Returning to their pacifist principles, leading members of the German government's junior coalition partner added their voices on Monday to European calls for the United States not to go to war against Iraq.
"We see ourselves as the tip of the spear of the peace movement," said Green Party leader Reinhard Bütikofer.
Since the Greens joined the government in 1998, they have had to set aside their pacifist principles numerous times as Germany participated in military missions in Kosovo, Afghanistan and the war against terror. But on Monday, the party stressed there would be no bending over Iraq.
The Greens' were the second members of a major European government to express criticism about the potential war since the weekend. On Saturday, Britain's development minister broke ranks with Prime Minister Tony Blair and said her country should not participate in a unilateral war against Iraq and leader Saddam Hussein.
Despite growing criticism, both Britain and the U.S. continued to deploy troops to Persian Gulf over the weekend. The U.S. currently has close to 60,000 troops stationed in the Persian Gulf. Over the weekend, more than 200 members of the U.S. Air Force were dispatched from their base in Spangdahlem in western Germany. Though Germany has pledged not to participate in any Iraq invasion, it has agreed to let the U.S. military to use its bases in Germany without restriction.
"War is not inevitable"
Meanwhile, more than 3,000 British troops departed on the aircraft carrier HMS Ark Royal, with Blair announcing: "War is not inevitable." However, British officials played down the ship's departure, noting an exercise had been planned prior to the current crisis.
But for many people across Britain, including growing numbers of ministers in Blair's own cabinet, the messages coming from the prime minister are in direct contradiction to his actions.
The Labour leader insists a conflict is not "fast approaching" and that United Nations weapons inspectors should be given more time to complete their task. But the softening rhetoric may have come too late to avert a rebellion in Blair's party. The amassing disquiet amongst Labour ministers is threatening to harness growing public unrest.
Prominent ministers voice concern
Labour members of parliament increasingly fear the prime minister will send British troops into action regardless of any decision made by the United Nations. The simmering dissent spilled into public over the weekend when Development Minister Clare Short announced her view that the U.K. should not join any unilateral American military action against Iraq. Short insisted Britain must not act without the mandate of a further U.N. resolution.
Other Labour MPs have threatened a rebellion if Britain declares war on Iraq. A recent report in the British daily The Guardian suggested up to 100 Labour MPs could rebel against the leadership, with some ministers prepared to resign if war starts without U.N. backing.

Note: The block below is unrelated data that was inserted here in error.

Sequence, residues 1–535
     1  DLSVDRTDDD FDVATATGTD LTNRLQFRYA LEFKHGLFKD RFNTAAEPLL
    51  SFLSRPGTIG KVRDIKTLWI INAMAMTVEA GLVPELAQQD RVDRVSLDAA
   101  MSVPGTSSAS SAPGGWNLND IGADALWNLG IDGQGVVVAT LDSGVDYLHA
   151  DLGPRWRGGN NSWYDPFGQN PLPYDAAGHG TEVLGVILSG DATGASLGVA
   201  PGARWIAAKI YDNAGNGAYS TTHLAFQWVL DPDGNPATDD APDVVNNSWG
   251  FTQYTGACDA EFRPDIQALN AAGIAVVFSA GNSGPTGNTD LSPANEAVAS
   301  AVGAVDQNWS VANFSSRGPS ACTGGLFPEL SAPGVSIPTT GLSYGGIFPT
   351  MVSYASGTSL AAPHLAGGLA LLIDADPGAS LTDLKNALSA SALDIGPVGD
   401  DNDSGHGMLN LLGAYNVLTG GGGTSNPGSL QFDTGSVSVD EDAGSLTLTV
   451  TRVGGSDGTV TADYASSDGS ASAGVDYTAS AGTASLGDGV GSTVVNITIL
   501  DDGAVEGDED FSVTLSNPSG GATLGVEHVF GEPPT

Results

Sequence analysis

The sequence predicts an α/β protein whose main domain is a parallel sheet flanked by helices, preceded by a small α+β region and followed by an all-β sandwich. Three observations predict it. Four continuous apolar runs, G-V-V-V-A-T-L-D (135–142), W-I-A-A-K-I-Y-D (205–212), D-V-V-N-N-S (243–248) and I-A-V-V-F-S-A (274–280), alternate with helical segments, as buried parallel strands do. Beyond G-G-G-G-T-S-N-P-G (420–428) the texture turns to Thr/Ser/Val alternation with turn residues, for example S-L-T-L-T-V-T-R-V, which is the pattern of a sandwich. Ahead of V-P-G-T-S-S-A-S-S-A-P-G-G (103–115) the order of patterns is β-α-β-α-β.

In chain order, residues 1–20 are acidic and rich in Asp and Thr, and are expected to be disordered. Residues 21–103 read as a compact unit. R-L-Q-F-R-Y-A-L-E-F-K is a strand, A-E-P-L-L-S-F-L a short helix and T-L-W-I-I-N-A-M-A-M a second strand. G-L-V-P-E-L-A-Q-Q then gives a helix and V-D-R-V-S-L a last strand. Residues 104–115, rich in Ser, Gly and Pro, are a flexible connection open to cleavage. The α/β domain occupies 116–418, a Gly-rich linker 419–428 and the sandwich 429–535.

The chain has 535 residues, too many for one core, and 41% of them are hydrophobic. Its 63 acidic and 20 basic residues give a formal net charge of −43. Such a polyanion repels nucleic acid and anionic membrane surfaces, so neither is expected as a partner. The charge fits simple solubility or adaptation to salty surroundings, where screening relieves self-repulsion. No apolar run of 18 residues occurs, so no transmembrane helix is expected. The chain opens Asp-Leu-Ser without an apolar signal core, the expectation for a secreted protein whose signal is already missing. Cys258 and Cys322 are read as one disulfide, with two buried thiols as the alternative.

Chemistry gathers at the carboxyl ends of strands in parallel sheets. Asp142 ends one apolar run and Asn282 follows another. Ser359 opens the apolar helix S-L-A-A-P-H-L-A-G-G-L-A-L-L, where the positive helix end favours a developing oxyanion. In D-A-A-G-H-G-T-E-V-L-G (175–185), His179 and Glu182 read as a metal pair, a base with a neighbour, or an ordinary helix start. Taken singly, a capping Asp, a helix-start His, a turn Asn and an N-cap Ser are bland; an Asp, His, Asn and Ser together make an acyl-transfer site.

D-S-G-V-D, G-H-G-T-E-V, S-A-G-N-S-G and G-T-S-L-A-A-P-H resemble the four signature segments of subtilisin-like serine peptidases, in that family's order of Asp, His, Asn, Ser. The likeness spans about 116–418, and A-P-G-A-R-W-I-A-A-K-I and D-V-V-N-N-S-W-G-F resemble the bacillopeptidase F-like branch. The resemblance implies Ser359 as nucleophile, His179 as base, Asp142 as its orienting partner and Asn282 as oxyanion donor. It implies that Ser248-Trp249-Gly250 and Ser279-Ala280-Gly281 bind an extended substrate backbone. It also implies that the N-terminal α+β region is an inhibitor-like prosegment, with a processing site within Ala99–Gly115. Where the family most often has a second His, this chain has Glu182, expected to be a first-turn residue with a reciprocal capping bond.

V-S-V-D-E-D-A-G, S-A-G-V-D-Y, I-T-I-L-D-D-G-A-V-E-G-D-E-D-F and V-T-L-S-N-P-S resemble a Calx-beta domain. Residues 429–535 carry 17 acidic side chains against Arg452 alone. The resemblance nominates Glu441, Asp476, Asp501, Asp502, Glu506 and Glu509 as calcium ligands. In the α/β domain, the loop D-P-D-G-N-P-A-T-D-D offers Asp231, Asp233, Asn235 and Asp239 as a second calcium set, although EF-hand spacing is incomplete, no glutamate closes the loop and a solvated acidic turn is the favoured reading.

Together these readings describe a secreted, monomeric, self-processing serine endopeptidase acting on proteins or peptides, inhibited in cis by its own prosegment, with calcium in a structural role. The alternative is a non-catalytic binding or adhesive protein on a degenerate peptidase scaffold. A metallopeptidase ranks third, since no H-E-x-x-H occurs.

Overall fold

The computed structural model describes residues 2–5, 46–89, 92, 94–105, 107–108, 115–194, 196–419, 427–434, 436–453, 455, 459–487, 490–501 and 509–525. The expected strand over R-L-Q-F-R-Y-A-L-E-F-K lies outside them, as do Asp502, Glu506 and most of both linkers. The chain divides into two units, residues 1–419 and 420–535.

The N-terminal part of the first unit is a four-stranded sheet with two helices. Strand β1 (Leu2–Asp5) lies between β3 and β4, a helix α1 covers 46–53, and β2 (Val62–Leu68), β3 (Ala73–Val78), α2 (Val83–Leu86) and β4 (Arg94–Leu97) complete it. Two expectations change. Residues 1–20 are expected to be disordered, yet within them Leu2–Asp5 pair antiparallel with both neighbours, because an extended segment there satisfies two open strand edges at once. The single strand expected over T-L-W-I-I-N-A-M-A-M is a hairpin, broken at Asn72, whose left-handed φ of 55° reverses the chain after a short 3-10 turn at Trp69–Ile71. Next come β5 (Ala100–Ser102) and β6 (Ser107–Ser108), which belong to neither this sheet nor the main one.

Trouble for Blair
The British public, having fluctuated in opinion over possible military action in the past nine months, is currently on the side of the rebel ministers. A poll released over the weekend showed that 58 percent of people are not convinced Saddam Hussein is sufficiently dangerous to justify war. While only 13 percent would back British involvement in military action against Iraq without U.N. backing, 53 percent said they would support the use of British troops in an action approved by the UN.
Blair faces being confronted by 20,000 anti-war demonstrators when he travels to Glasgow to speak at the Labour Party's spring conference on Feb. 15, the same day as a planned worldwide anti-war demonstration. As well as demonstrations across the U.K., protests have been called on Feb. 14 and 15 in 11 European countries. It is a sign that Blair's alignment with U.S. policy is also facing strong opposition in Europe.
Friendship no guarantee for support
Despite dinner in Hanover as the private guest of Chancellor Gerhard Schröder over the weekend, Mr. Blair is unlikely to garner much support from his German counterpart and friend.
Germany is the only European nation that has said it will not take part in an attack on Iraq, even if endorsed by the U.N. Security Council, of which Germany is now a non-standing member. The coalition government has appealed for a diplomatic solution, arguing that international efforts to fight terrorism, rebuild Afghanistan and calm the Middle East conflict could be destabilized by a strike against Iraq.
Meanwhile, in France, the recently announced plans of governmental liaison between the German and French cabinets cannot disguise the distances between the two countries' approach to Iraq. Despite plans for combined cabinet-level meetings on security and defense issues in the future, France and Germany could scarcely be further apart on their positions over military action.
France was instrumental in securing the return of the weapons inspectors, but has maintained serious reservations about an attack on Iraq and is one of the European states keenest to resume trade with Iraq and win reconstruction contracts. France has suggested a two-stage process at the U.N., with a new U.N. resolution authorizing the use of force only being passed in the event of weapons inspectors being once more prevented from carrying out their work. But recently, President Jacques Chirac has hinted that he is ready to send French troops to the region to assist in a U.S.-led invasion.